In the table below, you can see a partial overview of the key feature differences of the services.
Both services offer a robust backup and restore capability.
Azure Platform provides automated backups with point-in-time restores (5-minute increment).
The backups are kept between 7-35 days, depending on the service level purchased.
Also, there are long term retention options available for storing backups for up to 10 years (for Single Databases and Elastic Pools).
Only Azure managed instances support the BACKUP operation (not supported for Single databases).
The COPY_Only backup is the unique option available, so differential and log backups are not supported.
Amazon RDS SQL Server will also backup your database daily (automatic snapshot) with a 5-minute log backup increment.
Backup retention is also 35 days.
AWS RDS provides support for manual DB snapshots.
Like automated backups, a DB snapshot creates a backup of an entire SQL Server instance, not just a database.
Finally, RDS also provides native support for the BACKUP command (full backups of individual databases).
It allows backup your RDS SQL Server databases to S3 buckets that you can then restore to a local SQL Server.
On the security front, both services seem to offer similar necessary capabilities.
Both cloud vendors provide the ability to use a service-generated encryption certificate or allow customers to provide their own through the KMS (Amazon) or the Azure Key Vault (Azure) service.
Also, both allow Active Directory integration with certain limitations.
The Azure SQL Database service only works with the Azure Directory Service, while the AWS RDS SQL Server service requires a service called Microsoft Active Directory (MAD).
Only Azure SQL Database service provides advanced options that are not part of the database engine itself, such as Data Masking and Advanced Threat Protection.
Also, the Azure service forces encryption in transit and at rest, while the AWS service makes those an option configured separately.
On the Amazon service, you can quickly scale up by adding memory, IOPS, and CPU cores to an existing server.
The AWS RDS SQL Server service will scale up to the limits of what the hardware can provide.
Amazon tries to make this process as smooth as possible, but it may require downtime of a few minutes.
To minimize the impact on consumers, the AWS RDS service provides specific maintenance windows during which these changes can be done.
There are various hardware options for the AWS RDS SQL Server service.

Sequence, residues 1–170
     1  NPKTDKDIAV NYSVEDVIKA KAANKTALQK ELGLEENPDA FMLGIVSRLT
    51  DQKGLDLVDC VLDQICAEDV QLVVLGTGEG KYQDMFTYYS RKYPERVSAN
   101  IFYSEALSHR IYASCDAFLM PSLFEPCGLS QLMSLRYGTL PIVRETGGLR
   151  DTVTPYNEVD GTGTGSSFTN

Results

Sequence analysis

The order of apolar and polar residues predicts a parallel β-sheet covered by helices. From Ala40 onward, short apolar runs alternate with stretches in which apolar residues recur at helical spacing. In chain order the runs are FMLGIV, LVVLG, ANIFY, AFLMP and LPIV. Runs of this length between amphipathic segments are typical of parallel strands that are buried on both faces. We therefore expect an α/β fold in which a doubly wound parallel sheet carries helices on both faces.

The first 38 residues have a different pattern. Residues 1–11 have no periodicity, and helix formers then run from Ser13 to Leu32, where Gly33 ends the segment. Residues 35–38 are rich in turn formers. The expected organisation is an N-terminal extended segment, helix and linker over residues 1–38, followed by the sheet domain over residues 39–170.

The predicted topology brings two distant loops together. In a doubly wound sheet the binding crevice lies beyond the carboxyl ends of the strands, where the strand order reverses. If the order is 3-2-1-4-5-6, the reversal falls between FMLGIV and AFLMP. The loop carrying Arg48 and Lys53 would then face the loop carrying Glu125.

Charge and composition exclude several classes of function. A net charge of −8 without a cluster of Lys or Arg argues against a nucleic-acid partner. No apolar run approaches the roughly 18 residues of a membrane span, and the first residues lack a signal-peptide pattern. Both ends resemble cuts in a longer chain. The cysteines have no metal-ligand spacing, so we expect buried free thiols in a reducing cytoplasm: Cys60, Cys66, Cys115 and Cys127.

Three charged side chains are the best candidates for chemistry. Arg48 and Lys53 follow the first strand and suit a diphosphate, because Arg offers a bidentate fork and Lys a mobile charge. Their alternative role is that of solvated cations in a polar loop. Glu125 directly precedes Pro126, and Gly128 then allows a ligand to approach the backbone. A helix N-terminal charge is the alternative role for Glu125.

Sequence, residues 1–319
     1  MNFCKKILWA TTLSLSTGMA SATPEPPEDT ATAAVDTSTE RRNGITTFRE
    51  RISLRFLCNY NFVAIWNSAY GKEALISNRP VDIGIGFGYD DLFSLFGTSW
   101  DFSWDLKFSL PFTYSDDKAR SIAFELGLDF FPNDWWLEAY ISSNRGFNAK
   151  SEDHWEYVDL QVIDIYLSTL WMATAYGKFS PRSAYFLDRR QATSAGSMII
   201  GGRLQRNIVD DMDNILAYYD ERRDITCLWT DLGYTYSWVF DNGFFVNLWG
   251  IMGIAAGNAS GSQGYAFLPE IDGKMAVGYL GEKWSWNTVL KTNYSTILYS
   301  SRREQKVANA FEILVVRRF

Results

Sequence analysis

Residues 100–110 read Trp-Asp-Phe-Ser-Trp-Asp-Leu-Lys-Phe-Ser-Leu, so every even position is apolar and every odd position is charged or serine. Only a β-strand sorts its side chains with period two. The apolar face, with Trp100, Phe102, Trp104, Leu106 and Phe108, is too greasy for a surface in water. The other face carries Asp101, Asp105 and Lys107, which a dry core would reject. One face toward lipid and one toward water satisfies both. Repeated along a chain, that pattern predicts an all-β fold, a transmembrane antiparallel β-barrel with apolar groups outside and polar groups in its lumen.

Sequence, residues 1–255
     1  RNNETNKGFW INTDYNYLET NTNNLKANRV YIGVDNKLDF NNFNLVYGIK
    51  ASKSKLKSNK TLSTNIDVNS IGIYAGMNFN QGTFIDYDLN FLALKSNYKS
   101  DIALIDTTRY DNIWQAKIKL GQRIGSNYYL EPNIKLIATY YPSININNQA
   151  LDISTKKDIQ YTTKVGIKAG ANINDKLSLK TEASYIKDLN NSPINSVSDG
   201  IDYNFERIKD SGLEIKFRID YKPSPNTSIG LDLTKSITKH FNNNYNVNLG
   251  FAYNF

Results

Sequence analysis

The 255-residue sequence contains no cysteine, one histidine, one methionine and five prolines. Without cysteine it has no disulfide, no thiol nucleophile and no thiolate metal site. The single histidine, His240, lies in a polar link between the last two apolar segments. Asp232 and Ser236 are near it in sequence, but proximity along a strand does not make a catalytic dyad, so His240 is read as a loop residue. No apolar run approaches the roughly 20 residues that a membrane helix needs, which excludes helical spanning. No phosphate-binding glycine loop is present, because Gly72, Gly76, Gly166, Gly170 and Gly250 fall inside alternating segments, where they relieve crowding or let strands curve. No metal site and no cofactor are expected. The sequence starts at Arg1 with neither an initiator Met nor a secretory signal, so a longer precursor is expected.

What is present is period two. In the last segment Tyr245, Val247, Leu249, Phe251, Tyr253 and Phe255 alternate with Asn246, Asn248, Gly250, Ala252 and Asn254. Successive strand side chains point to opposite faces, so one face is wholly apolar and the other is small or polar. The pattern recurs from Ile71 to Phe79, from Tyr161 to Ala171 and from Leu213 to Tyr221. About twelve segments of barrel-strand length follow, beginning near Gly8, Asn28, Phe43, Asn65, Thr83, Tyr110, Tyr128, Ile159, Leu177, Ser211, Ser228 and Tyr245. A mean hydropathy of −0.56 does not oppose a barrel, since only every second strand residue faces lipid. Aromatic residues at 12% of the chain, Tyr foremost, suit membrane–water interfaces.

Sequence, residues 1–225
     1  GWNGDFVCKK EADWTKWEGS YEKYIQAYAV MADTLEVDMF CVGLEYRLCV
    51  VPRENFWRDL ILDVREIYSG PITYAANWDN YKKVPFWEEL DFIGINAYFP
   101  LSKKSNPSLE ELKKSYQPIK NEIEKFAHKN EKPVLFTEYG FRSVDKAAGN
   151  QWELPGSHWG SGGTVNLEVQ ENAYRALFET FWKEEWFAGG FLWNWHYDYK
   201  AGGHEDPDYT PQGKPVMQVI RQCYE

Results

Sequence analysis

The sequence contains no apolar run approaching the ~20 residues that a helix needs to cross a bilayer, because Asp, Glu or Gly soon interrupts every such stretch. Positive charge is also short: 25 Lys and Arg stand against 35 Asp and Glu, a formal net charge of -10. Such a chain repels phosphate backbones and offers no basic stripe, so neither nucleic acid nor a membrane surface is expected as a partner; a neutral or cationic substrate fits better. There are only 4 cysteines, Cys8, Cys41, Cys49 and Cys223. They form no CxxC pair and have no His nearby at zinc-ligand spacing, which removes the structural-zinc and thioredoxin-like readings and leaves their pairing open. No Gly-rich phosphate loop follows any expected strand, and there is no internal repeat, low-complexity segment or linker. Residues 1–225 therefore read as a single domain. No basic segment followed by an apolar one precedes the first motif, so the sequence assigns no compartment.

Your options vary based on the edition of SQL Server you choose.
As simple as AWS RDS SQL Server scalability options are, they are nonetheless well understood and easy to establish from a capacity planning standpoint.
This makes it particularly easy to fork and lift existing workloads and predict what size you will need in AWS.
On the Microsoft Azure service, things are a bit different.
There are two sizing units for a SQL Database: DTU and vCore.
The DTU (Database Transaction Unit) model applies to the Single Instance model, while the vCore model (more closely aligned to the AWS RDS offering) is only available for Managed Instances.
Where the Azure SQL Database offering shines is in the granularity of its scalability options.
The DTU models allow you to be precise on the overall performance needs of your database.
You can fine-tune your performance requirements at will with minimum impact on your service.
Also, the Azure SQL Database service allows you to create an elastic pool (only for the Single Instance model).
It will enable you to co-locate databases under a single Azure SQL Database server, allowing share the overall resources of the instance.
Microsoft recently introduced the concept of a serverless database for the vCore offering.
With a serverless database, the service itself is paused after a configurable period of inactivity.
That means you will only pay for storage.
This option is excellent for development and testing environments.
AWS RDS and Azure SQL Database services compete on how to deliver the best experience for customers.
AWS RDS provides a more server-oriented model that offers strong backward compatibility for applications that need earlier versions of SQL Server.
On the other hand, The Azure offers a dynamic platform that is always running the latest version of SQL Server.
From data protection and secure points, both services offer robust capabilities.
However, the scalability options for AWS RDS and Azure SQL databases are very different. Both offer to scale up and down options, with AWS RDS being somewhat limited.
Choosing between SQL Azure or Amazon RDS would probably depend the most on the type of technology you use already and the relative costs.
A business that uses Microsoft technologies will find Azure a more familiar environment. You’ll get Visual Studio integration, support for .NET applications, T-SQL, etc.
If you’re still not sure which to use, consider what is your primary motivation to move your database to the Cloud.